Arnold Kling  

The Difficult Concept of Evolution

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David Friedman writes,


It is hard to see how humans could have evolved intelligence if intelligence is not heritable.

I hope that the notion that there is zero heritability of intelligence is a straw man. The debate ought to be over what proportion of intelligence is heritable.

Don Boudreaux wrote (and recently recycled),


Just as there is a compelling non-creationist view of biological beings, there is a compelling non-creationist view of social order.

He is arguing against the view that we owe all of our peace and prosperity to government.

The point that both posts make is that the left, which denounces religious denial of the theory of evolution, nonetheless has a hard time with evolution. Friedman gives examples in which the left has difficulty accepting biological consequences of the theory of evolution. Boudreaux gives examples in which people insist on intelligent design rather than economic evolution.

I think that the concept of evolution is really quite difficult. Perhaps we have evolved with a hard-wired belief in intelligent design or creationism, and only with considerable effort can we accept evolution and spontaneous order.


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CATEGORIES: IQ in Economics



COMMENTS (25 to date)

The problem is that we evolved to look for patterns and we are creators ourselves. We create order, structure things, and thus when we see order, we think there had to be something ordering it. Self-organizing systems is a fairly recent concept, though its reality has been around for 14 billion years or so.

With human intelligence, we have two things going on. One, about 1/3 of the genes are dedicated to the brain. And we know of several genetic diseases that affect intelligence -- so anyone who claims there isn't a genetic aspect to intelligence is an idiot. Second, the neurons in the human brain are very complex and plastic, meaning they adapt rapidly and are designed to create complex networks and systems. This adaptability makes us able to change in relation to our environments -- so anyone who claims there isn't an environmental aspect to intelligence is an idiot. How to avoid being an idiot? Recognize that the brain is made up of strange attractors that create variable, adaptable systems around them. Intelligence is genetic, and it's environmental. The genes give you an upper and lower range -- you can only be so dumb, and you can only be so smart -- while the environment affects where you are within that range.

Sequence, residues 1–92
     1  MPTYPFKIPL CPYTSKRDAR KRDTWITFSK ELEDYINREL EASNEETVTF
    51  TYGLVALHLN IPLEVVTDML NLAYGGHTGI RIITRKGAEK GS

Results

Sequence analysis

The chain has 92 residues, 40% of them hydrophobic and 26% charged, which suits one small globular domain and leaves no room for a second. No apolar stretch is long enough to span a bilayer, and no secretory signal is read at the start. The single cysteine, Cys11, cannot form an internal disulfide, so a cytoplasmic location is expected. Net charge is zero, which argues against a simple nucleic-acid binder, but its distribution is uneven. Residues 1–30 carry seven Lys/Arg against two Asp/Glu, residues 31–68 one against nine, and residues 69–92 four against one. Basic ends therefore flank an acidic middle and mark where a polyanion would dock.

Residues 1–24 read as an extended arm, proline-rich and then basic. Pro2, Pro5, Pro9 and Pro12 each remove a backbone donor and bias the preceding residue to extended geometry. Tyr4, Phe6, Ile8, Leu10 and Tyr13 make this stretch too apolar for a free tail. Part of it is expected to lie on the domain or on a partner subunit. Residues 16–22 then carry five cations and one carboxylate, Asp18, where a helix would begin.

To deny that human psychology hasn't evolved over time in response to changing life conditions is also a denial of evolution. As a complex system, our brains are adaptable, and can and do become more complex in response to the environment.

People just need to learn how to recognize the more complex patterns we have discovered and then they can learn to understand emergent systems and spontaneous orders.

This adaptability makes us able to change in relation to our environments -- so anyone who claims there isn't an environmental aspect to intelligence is an idiot.

bgc writes:

D Kernical Ph.D. writes: '...anyone who claims there isn't an environmental aspect to intelligence is an idiot.'

Straw man, there is no such person, so that's okay.

Intelligence (IQ, g factor) is substantially inherited. That's a fact. Intelligence differs significantly between individuals. That's another fact.

If you don't acknowledge these two facts, then you are not necessarily an idiot or a liar; but if you are honest and rational then either you don't know the data or you lack the specific competence to understand it. That's another fact.

Now, in contrast to the straw man of environment-deniers there are _shoals_ of people, smart people, in the media, education, politics... who deny the facts of IQ heritability and difference.